This morning, Shima Hamidi, the Director of the Institute of Urban Studies at the University of Texas at Arlington’s College of Architecture, Planning and Public Affairs, briefed the Dallas City Council’s Quality of Life committee on transportation equality. If you have a few seconds, check out Hamidi’s whole Power Point. In includes a ton of fascinating maps and data sets (like the one above) that illustrate how issues like poverty, affordable housing, and public transit all fit together. For example, did you know that only 28.3 percent of affordable housing Dallas-Plano-Irving are actually affordable when the cost transportation is factored in?
That statistic sets up the significance of the map below, which I believe tells the story of Dallas’ income inequality better than any map I’ve ever seen. The orange shaded area shows the highest concentrations of people living in poverty; the red shows the places with the highest growth of low wage jobs. In a healthy society, the people in poverty should have access to the low-wage jobs so that they could start earning an income and working their way outside of poverty. In Dallas, however, the geographic gap between new jobs and an impoverished workforce is huge and it continues to expand with the region’s sprawl northwards.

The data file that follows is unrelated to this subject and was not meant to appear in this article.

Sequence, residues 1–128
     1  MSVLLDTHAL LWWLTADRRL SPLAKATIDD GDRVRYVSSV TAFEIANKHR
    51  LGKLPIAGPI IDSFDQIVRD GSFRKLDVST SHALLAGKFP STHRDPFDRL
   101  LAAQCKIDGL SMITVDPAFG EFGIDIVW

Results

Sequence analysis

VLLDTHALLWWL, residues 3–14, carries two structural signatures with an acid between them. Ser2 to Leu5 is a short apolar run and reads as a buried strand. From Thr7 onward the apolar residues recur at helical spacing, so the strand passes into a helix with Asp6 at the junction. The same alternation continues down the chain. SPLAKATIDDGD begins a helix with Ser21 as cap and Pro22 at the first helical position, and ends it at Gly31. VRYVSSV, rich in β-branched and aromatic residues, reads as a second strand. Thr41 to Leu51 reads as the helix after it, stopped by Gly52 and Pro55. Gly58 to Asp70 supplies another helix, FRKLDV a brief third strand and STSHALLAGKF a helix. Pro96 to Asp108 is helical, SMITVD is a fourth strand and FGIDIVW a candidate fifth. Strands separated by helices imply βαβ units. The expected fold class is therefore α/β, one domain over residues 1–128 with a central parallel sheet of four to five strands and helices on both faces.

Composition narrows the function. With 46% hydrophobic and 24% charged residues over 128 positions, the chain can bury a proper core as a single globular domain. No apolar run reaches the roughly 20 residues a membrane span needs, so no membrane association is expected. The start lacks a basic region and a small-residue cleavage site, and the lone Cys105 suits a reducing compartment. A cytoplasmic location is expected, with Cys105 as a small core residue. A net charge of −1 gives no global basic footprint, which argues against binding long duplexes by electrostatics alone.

I didn’t hear Hamidi’s presentation this morning, but the end of her Power Point suggests that her solution to this disparity is to rethink Dallas’ future growth both as it relates to transportation investments and incentivizing the development of denser, multi-modal urban communities. It’s a big task, but at least now we have the data that shows how solving Dallas’ lingering problems of transit and transportation are directly related to alleviating poverty.